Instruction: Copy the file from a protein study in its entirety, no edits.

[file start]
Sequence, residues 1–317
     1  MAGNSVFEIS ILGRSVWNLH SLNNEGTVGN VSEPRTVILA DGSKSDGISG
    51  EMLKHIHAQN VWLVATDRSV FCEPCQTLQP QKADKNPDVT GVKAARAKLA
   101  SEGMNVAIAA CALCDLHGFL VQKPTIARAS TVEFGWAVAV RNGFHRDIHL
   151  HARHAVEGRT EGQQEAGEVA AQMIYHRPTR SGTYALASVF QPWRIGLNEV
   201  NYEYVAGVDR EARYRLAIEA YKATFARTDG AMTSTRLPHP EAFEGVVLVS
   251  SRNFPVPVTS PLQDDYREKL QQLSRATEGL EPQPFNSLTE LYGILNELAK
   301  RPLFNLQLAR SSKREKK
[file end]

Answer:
Sequence, residues 1–317
     1  MAGNSVFEIS ILGRSVWNLH SLNNEGTVGN VSEPRTVILA DGSKSDGISG
    51  EMLKHIHAQN VWLVATDRSV FCEPCQTLQP QKADKNPDVT GVKAARAKLA
   101  SEGMNVAIAA CALCDLHGFL VQKPTIARAS TVEFGWAVAV RNGFHRDIHL
   151  HARHAVEGRT EGQQEAGEVA AQMIYHRPTR SGTYALASVF QPWRIGLNEV
   201  NYEYVAGVDR EARYRLAIEA YKATFARTDG AMTSTRLPHP EAFEGVVLVS
   251  SRNFPVPVTS PLQDDYREKL QQLSRATEGL EPQPFNSLTE LYGILNELAK
   301  RPLFNLQLAR SSKREKK